FIGS. 3 and 4 are respectively front and side views of the fixed and moving guide of the mast structure complete with the hoisting jack,

FIG. 5 shows a plan of the gate member and mast structure on the lift truck, and

FIG. 6 shows a side view of the front end of the truck showing the king post structure and the fixed guide of the mast structure.

Referring to FIGS. 1, 2, 5 and 6, a fabricated steel gate member 1 is supported on a lift truck chassis and carries a mast structure 12. The gate member 1 is provided with apertured tongues 2 for connection by pivot pins with a vertical king post structure 1a positioned to one side of the centerline of the lift truck. The centers of the apertures 3 in the tongues 2 thus define the slewing axis of the mast structure 12 of the lift truck.

The gate member is provided with an apertured lever are 1b for connection with the piston rod 4a of a slewing jack 4, the body of which is pivotally secured to a fixed pivot 40 on the frame of the lift truck. A pair of forwardly facing cheeks 5 are formed with trunnion apertures 6 for connection of the fixed guide of the mast structure 12. The fixed guide can be tilted about the common axis of a pair of pins which are mounted in the trunnion apertures 6 by means of tilt jacks 7, the bodies of which are pivotally connected to the gate member by trunnions 8.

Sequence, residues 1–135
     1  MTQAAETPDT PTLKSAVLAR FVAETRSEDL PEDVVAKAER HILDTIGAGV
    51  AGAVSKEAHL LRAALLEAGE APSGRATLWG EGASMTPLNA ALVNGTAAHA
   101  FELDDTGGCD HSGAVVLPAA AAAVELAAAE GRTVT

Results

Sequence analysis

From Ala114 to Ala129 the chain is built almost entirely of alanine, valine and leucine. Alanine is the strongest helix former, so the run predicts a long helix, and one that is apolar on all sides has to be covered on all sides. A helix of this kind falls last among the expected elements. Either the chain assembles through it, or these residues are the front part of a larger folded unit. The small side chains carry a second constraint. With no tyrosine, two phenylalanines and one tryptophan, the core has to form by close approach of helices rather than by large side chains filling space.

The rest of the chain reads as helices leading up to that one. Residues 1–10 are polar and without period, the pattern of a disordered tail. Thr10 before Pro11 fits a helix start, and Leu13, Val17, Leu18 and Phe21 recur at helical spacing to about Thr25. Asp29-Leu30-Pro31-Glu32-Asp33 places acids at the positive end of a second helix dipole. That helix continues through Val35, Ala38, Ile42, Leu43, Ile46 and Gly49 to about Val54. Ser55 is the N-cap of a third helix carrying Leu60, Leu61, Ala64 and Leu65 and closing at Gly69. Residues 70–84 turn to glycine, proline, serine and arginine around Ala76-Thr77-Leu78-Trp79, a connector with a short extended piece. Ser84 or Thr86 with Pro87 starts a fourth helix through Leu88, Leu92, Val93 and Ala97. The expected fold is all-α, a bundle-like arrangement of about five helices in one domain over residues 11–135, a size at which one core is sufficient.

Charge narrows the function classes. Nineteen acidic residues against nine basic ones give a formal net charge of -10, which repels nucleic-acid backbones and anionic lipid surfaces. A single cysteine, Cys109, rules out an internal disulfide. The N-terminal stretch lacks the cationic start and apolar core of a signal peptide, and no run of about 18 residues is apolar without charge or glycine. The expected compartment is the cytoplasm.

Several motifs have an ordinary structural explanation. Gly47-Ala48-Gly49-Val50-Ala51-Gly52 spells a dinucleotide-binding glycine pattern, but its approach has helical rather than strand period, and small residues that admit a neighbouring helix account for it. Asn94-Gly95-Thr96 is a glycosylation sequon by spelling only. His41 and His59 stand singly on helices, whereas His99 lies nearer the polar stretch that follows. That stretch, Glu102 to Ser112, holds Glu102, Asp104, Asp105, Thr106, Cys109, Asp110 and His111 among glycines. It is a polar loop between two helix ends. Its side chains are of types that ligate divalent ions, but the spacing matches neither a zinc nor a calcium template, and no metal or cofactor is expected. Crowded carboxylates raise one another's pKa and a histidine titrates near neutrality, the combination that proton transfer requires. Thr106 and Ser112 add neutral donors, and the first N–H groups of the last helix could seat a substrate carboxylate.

The gate member 1 is also provided with a support roller 9 which runs on an arcuate track 10 centered on the axis of swing of the gate member and mast structure and mounted on the frame of the lift truck.

The position of the front axle is indicated at 11. The mast trunnion pins which are accommodated in apertures 6, and about which the mast structure tilts relative to the gate member, move in a horizontal plane at a position slightly above the level of the axle l1.